Seminar for Statistics

Research Seminar


Time/Place: every Friday at 3.15 pm in the Main Building of ETH, HG G 19.1

Spring Semester 2015


Date Speaker Title Time Location
15-may-2015 (fri)
Anders Kock
Asymptotically Honest Confidence Regions for High Dimensional Parameters by the Desparsified Conservative Lasso 15:15-16:00 HG G 19.1
Abstract: In this paper we consider the conservative Lasso which we argue penalizes more correctly than the Lasso and show how it may be deparsified in the sense of van de Geer et al (2014) in order to construct asymptotically honest (uniform) confidence bands. In particular, we develop an oracle inequality for the conservative Lasso only assuming the existence of a certain number of moments. This is done by means of the Marcinkiewicz-Zygmund inequality which in our context provides sharper bounds than Nemirovski's inequality. We allow for heteroskedastic non-subgaussian error terms and covariates. Next, we desparsify the conservative Lasso estimator and derive the asymptotic distribution of tests involving an increasing number of parameters. As a stepping stone towards this, we also provide a feasible uniformly consistent estimator of the asymptotic covariance matrix of an increasing number of parameters which is robust against conditional heteroskedasticity. To our knowledge we are the first to do so. Next, we show that our confidence bands are honest over sparse high-dimensional sub vectors of the parameter space and that they contract at the optimal rate. All our results are valid in high-dimensional models. Our simulations reveal that the desparsified conservative Lasso estimates the parameters more precisely than the desparsified Lasso, has better size properties, and produces confidence bands with superior coverage rates.

Anders Kock (Aarhus University)
Invited by: MW

29-may-2015 (fri)
Anastasios Magdalinos
Robust Econometric Inference in Cointegrated Systems with Multiple Persistence Degrees 15:15-16:00 HG G 19.1
Abstract: A new econometric methodology of inference is developed in systems of cointegrating and predictive regressions with unknown and potentially multiple persistence degrees along equations. It is well known that conventional approaches to estimating cointegrating regressions fail to produce even asymptotically valid inference procedures when the regressors are nearly integrated, and substantial size distortions can occur in econometric testing. The new framework developed here enables a general approach to inference that resolves this difficulty and is robust to the persistence characteristics of the regressors, making it suitable for general practical application. Estimation of systems of time series with mixed I(0), I(1) and all intermediate near I(1) behavior is achieved by means of constructing mildly integrated "IVX" instruments by filtering the system regressors. A mixed Gaussian limit theory is established for the IVX estimator of the full system and a standard chi-squared limit theory is established for the corresponding IVX based Wald test statistic. This new IVX technique eliminates the endogeneity problems of conventional cointegration methods with near integrated regressors, accommodates the presence of stationary regressors and robustifies inference to uncertainty over the nature of the (potentially multiple) integration orders present in the system. The methods are easily implemented, widely applicable and help to alleviate practical concerns about the use of cointegration methodology.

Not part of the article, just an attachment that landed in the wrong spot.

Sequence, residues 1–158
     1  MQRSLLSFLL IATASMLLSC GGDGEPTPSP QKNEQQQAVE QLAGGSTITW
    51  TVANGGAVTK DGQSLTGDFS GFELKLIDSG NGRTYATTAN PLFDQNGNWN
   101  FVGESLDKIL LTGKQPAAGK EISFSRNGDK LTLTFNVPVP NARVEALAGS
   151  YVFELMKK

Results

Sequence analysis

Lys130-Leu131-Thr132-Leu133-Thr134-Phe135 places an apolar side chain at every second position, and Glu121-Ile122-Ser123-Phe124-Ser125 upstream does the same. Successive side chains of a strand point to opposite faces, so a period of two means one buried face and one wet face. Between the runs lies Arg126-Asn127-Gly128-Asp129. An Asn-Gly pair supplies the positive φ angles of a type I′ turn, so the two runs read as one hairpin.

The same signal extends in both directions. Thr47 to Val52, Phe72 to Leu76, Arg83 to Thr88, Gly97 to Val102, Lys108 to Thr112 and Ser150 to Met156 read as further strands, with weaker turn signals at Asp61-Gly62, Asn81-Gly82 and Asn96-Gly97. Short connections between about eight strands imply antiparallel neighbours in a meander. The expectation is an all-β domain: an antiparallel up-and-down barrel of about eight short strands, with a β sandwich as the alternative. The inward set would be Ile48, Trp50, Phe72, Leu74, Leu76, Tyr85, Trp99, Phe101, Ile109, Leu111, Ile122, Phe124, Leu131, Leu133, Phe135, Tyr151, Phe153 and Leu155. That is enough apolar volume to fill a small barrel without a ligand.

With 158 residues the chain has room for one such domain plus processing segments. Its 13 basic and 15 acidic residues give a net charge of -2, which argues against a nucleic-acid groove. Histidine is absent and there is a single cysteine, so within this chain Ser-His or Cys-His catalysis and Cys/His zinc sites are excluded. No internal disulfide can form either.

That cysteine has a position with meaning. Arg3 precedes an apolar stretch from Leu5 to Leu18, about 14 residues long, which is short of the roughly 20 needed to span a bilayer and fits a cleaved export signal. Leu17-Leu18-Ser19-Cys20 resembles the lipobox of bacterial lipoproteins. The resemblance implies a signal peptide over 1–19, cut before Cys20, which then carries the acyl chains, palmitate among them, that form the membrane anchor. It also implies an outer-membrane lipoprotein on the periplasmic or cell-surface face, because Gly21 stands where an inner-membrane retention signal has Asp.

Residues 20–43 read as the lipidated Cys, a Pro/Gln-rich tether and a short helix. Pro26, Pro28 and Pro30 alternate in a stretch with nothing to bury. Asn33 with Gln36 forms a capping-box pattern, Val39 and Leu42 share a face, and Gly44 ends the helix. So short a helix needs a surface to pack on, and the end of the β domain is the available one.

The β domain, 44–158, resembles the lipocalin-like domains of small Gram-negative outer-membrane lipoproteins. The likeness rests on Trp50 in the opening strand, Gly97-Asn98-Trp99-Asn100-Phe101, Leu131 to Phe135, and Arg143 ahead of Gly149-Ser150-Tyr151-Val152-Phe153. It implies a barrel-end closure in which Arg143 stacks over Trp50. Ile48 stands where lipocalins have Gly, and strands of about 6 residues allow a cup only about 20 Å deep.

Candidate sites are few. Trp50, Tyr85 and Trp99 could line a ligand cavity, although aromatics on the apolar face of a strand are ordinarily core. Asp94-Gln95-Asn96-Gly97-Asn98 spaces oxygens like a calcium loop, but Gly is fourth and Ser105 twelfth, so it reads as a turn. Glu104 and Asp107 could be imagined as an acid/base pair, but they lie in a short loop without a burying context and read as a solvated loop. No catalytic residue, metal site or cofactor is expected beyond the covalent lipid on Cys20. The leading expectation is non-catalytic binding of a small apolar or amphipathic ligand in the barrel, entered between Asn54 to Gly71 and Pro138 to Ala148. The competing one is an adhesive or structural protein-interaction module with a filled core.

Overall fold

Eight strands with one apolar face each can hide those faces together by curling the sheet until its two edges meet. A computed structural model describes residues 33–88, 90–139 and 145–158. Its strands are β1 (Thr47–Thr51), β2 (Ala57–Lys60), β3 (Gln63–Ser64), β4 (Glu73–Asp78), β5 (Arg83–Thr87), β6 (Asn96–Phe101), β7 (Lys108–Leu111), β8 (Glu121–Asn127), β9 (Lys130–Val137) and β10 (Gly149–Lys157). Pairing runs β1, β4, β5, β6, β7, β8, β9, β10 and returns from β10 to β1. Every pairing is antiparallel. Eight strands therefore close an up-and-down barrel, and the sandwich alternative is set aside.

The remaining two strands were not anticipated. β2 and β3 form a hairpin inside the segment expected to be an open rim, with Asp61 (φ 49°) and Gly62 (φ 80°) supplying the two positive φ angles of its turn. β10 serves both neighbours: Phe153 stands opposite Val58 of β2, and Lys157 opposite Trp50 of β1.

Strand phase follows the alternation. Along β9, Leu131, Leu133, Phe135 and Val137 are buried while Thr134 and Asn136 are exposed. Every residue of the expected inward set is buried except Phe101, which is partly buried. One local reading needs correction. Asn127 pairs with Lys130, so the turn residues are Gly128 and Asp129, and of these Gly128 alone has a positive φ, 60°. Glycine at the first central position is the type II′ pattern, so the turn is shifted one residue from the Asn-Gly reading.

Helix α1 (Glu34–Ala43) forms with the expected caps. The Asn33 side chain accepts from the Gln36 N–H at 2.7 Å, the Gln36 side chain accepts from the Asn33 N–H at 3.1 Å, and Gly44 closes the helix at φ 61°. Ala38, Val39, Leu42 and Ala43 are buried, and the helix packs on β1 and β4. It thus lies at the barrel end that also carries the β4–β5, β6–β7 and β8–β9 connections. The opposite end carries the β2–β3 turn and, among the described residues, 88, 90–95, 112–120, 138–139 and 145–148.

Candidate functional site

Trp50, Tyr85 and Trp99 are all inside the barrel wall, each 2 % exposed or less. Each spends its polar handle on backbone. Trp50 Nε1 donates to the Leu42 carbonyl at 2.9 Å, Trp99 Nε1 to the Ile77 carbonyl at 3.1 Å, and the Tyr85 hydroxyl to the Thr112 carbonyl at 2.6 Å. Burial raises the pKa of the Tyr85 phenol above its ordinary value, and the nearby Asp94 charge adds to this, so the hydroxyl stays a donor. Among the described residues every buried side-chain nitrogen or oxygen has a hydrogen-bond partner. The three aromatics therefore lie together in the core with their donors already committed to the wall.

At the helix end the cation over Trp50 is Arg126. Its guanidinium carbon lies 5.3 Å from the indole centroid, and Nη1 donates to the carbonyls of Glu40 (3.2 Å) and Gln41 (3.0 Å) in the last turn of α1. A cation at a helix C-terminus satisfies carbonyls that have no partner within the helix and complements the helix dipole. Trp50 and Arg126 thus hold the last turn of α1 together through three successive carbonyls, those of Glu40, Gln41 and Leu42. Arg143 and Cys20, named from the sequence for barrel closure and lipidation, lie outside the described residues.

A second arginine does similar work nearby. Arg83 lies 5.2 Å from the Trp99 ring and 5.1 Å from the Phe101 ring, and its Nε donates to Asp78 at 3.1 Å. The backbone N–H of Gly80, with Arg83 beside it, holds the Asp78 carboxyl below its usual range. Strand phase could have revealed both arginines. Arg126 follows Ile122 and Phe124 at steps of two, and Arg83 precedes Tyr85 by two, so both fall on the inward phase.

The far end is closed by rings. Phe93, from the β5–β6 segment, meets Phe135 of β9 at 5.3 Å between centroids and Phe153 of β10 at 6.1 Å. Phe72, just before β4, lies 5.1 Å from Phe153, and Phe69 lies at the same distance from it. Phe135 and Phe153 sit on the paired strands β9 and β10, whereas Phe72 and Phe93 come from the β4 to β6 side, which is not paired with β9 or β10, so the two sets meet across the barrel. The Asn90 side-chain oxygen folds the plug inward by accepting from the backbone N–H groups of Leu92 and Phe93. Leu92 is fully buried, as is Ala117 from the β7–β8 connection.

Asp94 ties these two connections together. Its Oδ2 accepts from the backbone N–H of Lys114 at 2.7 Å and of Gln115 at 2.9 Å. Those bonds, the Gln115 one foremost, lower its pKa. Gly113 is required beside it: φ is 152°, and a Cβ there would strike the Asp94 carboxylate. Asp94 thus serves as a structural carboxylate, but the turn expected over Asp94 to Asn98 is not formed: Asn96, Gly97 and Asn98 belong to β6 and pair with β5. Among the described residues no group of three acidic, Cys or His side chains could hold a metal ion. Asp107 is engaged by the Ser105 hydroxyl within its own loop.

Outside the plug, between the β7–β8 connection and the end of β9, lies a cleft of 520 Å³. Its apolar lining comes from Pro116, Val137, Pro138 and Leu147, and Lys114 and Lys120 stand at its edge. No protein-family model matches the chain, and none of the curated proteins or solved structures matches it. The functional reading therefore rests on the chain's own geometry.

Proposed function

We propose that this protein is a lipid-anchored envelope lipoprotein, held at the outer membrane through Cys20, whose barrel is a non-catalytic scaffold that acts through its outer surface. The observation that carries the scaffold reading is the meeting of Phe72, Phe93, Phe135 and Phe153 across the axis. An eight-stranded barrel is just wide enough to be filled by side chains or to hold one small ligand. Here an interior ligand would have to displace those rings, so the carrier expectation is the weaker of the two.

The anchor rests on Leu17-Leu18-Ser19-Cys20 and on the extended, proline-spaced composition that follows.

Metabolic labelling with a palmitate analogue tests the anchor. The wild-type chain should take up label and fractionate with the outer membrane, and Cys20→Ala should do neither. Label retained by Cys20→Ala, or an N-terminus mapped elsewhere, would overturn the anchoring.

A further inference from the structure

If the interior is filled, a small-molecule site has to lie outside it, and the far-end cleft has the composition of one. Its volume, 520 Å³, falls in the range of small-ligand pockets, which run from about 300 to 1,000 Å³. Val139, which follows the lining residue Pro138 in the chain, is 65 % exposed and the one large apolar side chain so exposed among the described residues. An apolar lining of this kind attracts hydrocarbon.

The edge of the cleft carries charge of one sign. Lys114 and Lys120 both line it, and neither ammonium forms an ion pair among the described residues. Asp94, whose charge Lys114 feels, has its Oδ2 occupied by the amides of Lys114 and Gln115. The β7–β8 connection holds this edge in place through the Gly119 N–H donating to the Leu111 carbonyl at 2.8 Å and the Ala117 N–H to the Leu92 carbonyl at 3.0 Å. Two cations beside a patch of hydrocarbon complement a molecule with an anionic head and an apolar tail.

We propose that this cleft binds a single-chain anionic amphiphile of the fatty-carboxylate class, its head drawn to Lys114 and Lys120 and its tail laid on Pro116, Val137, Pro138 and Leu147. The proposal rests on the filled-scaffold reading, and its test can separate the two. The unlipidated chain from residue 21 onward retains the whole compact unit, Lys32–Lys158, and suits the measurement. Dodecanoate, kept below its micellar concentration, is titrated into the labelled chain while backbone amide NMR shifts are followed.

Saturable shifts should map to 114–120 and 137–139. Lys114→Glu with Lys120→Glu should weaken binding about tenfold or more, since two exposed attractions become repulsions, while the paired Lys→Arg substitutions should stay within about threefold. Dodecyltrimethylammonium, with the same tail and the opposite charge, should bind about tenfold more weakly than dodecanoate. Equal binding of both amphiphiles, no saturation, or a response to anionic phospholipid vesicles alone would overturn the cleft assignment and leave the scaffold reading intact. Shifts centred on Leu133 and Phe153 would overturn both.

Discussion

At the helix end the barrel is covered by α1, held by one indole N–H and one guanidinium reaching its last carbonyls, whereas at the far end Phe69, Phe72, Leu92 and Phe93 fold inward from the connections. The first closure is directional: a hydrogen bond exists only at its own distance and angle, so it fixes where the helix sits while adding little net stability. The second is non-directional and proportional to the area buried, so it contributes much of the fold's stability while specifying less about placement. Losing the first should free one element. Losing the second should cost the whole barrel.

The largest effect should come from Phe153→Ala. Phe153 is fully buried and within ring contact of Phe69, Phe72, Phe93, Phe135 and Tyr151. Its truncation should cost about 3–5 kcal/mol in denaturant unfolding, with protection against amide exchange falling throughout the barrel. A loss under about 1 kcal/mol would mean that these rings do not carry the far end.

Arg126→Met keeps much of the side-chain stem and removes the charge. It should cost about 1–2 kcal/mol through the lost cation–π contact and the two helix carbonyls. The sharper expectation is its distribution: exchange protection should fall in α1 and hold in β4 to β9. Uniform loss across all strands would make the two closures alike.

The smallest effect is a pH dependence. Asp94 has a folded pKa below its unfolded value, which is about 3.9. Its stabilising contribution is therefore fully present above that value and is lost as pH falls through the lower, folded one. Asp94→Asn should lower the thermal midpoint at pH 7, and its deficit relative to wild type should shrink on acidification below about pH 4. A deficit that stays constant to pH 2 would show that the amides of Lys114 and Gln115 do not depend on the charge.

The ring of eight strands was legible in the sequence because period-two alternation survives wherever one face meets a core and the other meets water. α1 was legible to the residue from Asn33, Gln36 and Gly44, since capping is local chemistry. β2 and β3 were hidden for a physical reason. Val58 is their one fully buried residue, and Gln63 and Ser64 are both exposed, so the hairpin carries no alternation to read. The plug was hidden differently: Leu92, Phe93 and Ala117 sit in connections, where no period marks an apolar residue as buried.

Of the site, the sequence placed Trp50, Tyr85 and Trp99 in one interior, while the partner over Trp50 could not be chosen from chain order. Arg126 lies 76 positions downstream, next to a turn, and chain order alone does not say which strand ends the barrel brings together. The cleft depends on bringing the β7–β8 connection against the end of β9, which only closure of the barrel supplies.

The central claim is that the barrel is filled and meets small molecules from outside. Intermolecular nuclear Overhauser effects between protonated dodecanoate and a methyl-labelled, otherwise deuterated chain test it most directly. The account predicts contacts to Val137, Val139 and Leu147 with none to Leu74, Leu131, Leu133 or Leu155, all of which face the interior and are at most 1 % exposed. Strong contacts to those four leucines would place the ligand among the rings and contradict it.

Anastasios Magdalinos (University of Southampton)
Invited by: MW

12-jun-2015 (fri)
Ioannis Tsamardinos
Advances in Integrative Causal Analysis 15:15-16:00 HG G 19.1
Abstract: Scientific practice typically involves studying a system over a series of studies and data collection, each time trying to unravel a different aspect. In each study, the scientist may take measurements under different experimental conditions and measure different sets of quantities (variables). The result is a collection of heterogeneous data sets coming from different distributions. Even so, these are generated by the same causal mechanism. The general idea in Integrative Causal Analysis (INCA) is to identify the set of causal models that simultaneously fit (are consistent) with all sources of data and prior knowledge and reason with this set of models. Integrative Causal Analysis allows more discoveries than what is possible by independent analysis of datasets. In this talk, we’ll present advances in this direction that lead to algorithms that can handle more types of heterogeneity, and aim at increasing efficiency or robustness of discoveries. Specifically, we’ll present general INCA algorithms for causal discovery from heterogeneous data and proof-of-concept applications and massive evaluation on real data of the main concepts. We'll briefly mention advances for converting the results of tests to posterior probabilities and allow conflict resolution and identification of the confidence network regions, extensions that can deal with prior causal knowledge, and extensions that handle case-control data.

Ioannis Tsamardinos (Computer Science Department, University of Crete)
Invited by: MM

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